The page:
Tesla’s cloud systems were hijacked to mine an undisclosed cryptocurrency.
The hackers got in through Tesla’s Kubernetes administration console (a google-designed system to optimized cloud applications), which was not password protected. Tesla swiftly remedied the issue when it was notified by Redlock, a cybersecurity firm. The cybersecurity firm went on to explain that this attack was more sophisticated than previous attacks they have seen. Tesla explained that they “maintain a bug bounty program” to help prevent against these kind of attacks and that the attack appears to be “limited to internally-used engineering test cars” and found “no indication that customer privacy or vehicle safety or security was compromised in any way”.
Botnet Hijacking, the act of using many hijacked computes on a network to perform DDoS attacks, steal data, spamming, and otherwise gain access to another’s computer device, has been on the rise in the crypto world. The increase of cryptocurrencies’ prices and the prevalence of privacy coins has raised the incentives for bad actors to hack and maliciously mine crypto on someone else’s computer. Only a few weeks ago was it revealed that thousands of UK government websites were hijacked to mine crypto. This past February it was also discovered that over 500,000 windows servers were infected since May 2017. These hijackings can even occur just by visiting a website.
Monero may change its mining algorithm, maintaining botnet feasibility
One of the most popular coins used in botnet mining, Monero is a prime choice because of its mining accessibility without advanced hardware. In order to maintain this setup, the developers are poised to introduce a change in the proof-of-work mining algorithm during next month’s upgrade. This change has not been without controversy, as it has both benefits and drawbacks:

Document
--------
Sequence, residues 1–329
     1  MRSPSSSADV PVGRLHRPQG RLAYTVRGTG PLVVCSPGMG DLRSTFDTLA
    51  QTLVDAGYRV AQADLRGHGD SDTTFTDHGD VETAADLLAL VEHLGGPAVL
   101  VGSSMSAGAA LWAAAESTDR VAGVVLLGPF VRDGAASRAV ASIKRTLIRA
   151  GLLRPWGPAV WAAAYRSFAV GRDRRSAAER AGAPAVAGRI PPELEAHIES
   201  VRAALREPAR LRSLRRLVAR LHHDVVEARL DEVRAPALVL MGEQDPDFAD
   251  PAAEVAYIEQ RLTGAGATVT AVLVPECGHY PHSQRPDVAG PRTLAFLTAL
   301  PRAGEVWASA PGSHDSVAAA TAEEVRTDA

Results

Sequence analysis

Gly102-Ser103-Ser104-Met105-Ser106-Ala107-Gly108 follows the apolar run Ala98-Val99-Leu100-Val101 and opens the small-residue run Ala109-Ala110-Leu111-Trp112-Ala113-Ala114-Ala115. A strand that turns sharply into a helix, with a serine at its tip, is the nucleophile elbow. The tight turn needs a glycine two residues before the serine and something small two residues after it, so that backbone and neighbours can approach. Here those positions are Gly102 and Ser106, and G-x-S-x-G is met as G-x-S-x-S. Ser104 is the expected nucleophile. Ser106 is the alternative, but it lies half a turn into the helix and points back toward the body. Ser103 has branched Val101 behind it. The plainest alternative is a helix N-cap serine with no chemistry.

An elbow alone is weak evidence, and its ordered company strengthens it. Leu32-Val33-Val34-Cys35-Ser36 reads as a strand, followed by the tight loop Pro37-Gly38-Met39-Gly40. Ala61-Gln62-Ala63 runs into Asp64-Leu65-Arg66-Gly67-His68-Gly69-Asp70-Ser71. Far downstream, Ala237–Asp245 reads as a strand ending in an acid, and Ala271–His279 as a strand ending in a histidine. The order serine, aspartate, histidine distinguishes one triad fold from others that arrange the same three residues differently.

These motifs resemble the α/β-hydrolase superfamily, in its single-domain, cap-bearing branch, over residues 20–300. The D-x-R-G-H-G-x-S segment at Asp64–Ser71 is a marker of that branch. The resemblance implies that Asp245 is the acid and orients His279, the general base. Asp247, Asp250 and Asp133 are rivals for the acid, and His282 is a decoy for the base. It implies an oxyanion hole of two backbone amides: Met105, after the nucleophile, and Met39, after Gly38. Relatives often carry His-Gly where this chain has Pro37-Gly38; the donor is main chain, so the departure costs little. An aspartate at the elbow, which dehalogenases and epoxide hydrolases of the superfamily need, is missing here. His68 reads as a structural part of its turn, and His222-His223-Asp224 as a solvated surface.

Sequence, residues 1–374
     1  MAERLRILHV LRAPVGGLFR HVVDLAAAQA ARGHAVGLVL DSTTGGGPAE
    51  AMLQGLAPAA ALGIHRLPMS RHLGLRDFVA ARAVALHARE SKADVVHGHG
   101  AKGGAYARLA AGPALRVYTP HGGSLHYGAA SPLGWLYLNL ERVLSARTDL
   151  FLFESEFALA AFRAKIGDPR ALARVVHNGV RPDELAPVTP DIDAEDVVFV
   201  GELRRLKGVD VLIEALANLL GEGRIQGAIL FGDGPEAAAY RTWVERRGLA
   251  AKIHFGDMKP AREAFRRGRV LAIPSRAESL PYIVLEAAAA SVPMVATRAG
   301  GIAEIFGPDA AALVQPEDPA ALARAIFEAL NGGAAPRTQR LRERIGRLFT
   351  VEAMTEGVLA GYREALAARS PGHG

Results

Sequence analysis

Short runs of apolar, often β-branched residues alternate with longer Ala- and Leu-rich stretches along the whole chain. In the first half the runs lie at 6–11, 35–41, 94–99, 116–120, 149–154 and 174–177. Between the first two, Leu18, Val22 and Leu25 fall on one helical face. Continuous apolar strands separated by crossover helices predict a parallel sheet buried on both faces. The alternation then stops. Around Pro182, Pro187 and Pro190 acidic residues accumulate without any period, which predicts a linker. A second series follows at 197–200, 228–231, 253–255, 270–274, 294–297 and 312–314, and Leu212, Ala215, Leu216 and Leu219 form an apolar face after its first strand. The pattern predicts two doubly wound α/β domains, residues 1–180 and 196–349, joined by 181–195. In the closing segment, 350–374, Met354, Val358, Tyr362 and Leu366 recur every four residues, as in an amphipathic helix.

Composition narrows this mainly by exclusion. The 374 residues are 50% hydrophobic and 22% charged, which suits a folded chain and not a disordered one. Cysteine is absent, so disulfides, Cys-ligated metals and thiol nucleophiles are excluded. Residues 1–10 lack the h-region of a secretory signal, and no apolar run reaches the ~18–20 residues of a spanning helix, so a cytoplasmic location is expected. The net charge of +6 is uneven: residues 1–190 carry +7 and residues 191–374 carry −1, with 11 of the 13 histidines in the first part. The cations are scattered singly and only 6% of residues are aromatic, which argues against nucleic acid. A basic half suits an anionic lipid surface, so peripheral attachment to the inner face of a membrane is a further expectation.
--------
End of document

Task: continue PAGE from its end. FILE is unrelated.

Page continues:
There is a trade-off inherent in a proof-of-work change that sacrifices some aspects for others. A change effectively resets the mining infrastructure, allowing regular computers and devices to mine profitably once again while removing the ability to effectively mine with ASICs, which slows the industrialization of mining and the associated centralization risks. On the other hand, a change radically reduces the hashrate, and therefore security, of the network, as well as continuing to enable botnet mining.
ASIC mining makes botnet mining less profitable
Most of the motivation behind using botnet hijacking to mine cryptocurrency is to make money. However, ASICs and industrial mining centers are making that motivation less achievable due to the increased hashrate and difficulty. As the hashrate and difficulty increase, it becomes harder and harder to the point of impossible for a personal computer to mine cryptocurrency. At this point the risk and cost for hackers to develop and deploy botnet hijacking programs against relatively low power targets will not outweigh the reward. As a result, they will have to increasingly target more powerful computers, which should have more robust security systems.
At the end of last year, the Antminer D3 was released for Dash. Within a few months, the hashrate and difficulty increased greatly. It is now near impossible to mine Dash on an average consumer computer. Thus, Dash has been involved in very few of these botnet hijacking incidents, a trend that is likely to continue as the mining infrastructure matures.